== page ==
Created by Canonical, a software development company which specialises in open-source, free programs and operating systems.
Ubuntu is a mobile version of the successful, Linux-based desktop platform. In use on over 20 million PCs, Ubuntu is known as a more user-friendly adaptation of the Linux software, which can sometimes be viewed as unapproachable to anyone other than the most technically minded.
Having been developed from a desktop platform, Ubuntu is able to work closely with its partner software on PCs and will even appear as a regular computer desktop if used with a docking device and external display.
Similar to iOS, Ubuntu will be backed up by its own cloud-based storage and syncing service, called Ubuntu One. This close relationship with the PC-based platform will help Ubuntu to work as part of a wider ecosystem, although the lack of mainstream support for Linux systems could limit the growth of this idea.
A download of the Ubuntu software is set to be made available for the Samsung Galaxy Nexus handset. However, this appears to be an independent project that is unlikely to be endorsed by Samsung.
The software download is scheduled for either the end of January or start of February. However, no further details of handsets that will run it have been released by its developers.
Firefox is being developed by the Mozilla Foundation, makers of the well-known Firefox desktop browser.
On desktop computers, the Firefox browser has always had a dedicated commitment to an open-source ethic and this is something that is continuing through to its mobile OS.
The emphasis is said to be on HTML5, the new programming language becoming more and more popular across the web and mobile. While HTML5 has a reputation for working poorly on devices without powerful processors and over slow wireless connections, Mozilla is aiming to improve the way it operates.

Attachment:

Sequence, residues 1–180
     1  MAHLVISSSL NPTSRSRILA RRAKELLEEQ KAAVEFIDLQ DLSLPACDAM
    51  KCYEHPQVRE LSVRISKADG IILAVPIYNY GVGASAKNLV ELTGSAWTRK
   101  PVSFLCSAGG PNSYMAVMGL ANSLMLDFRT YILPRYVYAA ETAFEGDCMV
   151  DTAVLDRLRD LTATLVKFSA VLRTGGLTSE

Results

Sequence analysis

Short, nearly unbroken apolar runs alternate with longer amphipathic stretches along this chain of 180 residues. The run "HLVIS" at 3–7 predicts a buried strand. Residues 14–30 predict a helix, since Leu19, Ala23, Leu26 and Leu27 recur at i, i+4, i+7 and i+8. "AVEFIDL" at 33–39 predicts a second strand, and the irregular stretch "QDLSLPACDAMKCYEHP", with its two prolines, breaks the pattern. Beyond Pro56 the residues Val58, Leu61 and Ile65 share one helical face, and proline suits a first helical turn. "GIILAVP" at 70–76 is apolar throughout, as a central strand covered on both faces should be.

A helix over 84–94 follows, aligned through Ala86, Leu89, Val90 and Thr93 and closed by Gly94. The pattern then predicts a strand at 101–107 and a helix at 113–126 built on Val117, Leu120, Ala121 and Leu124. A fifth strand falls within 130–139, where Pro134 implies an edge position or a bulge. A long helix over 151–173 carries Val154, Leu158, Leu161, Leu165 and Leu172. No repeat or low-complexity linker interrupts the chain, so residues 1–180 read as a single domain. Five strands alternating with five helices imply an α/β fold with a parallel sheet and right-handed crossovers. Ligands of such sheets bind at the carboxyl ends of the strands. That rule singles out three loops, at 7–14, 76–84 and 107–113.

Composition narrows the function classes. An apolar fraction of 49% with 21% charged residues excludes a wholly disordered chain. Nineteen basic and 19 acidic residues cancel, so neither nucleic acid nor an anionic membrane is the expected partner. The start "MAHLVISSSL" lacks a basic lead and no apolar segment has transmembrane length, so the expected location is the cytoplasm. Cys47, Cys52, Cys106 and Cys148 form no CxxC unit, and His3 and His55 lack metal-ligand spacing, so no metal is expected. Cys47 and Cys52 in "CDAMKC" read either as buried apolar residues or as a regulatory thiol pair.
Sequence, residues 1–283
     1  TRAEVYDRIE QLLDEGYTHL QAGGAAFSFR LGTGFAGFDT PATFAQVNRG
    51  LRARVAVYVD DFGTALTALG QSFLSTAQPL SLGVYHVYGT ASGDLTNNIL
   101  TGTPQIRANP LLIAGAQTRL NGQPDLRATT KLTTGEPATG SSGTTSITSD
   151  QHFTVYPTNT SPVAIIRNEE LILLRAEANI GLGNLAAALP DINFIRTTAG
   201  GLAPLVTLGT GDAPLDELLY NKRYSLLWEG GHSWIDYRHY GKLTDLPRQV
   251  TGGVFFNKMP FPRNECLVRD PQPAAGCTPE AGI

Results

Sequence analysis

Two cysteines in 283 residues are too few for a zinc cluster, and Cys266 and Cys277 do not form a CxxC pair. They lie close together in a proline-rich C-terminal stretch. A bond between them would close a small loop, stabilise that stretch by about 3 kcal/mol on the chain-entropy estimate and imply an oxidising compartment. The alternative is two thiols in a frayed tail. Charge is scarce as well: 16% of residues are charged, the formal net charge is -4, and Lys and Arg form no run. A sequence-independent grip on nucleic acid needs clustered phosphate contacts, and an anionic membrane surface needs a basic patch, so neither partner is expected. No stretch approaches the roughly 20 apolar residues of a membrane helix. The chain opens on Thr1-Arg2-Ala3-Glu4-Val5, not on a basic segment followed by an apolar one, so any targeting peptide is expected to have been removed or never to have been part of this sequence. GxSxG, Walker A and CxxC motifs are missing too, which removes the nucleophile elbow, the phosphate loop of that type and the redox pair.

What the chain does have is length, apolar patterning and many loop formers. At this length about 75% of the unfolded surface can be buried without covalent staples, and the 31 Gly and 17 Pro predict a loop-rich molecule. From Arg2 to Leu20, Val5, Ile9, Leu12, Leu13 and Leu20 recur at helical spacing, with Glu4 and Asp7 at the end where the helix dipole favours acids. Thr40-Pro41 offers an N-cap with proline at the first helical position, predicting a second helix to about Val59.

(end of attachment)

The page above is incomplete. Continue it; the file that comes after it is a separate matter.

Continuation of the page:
This is because Firefox is likely to emerge first on budget handset, taking on Android at the low end of the smartphone market. HTML5-based software will need to be streamlined to work well on low-powered handsets but it could make the job of developing apps for the platform much easier for third-party developers.
The overall philosophy of Mozilla as an organisation revolves around open-source software and an ethos involving power being given to the end users of a product. If Firefox takes off then it could prove to be one of the most disruptive platforms of all.
Firefox has been demonstrated on Samsung Galaxy S II devices and is said to also be compatible with Nexus handsets. ZTE has signed-up with Mozilla and is reported to be readying a Firefox handset for launch in the European market.
The ZTE handset could launch by the end of this year, whilst a simulator version of the Firefox mobile software is currently available as a plug-in for the Firefox desktop browser.
So do the big names have anything to be worried about? While massive, well-backed launches of any of these platforms appear to be some time off there are certainly features amongst them which could worry the likes of Google and Apple.
Tizen looks the most promising since it has the backing of the world’s largest phone manufacturer and could get a big push in the future. If Samsung does choose to move away from Android it could well be Tizen that it turns to at a later date.
However, with the dominance that Android and iOS have on the smartphone market there may not be any massive challenge to them yet.
Where things could get interesting is in the third-place battle, likely to be fought between Windows Phone and BlackBerry over the coming months. If a new, well-designed OS emerges with sufficient backing then Microsoft and RIM could well find themselves looking over their shoulders before long.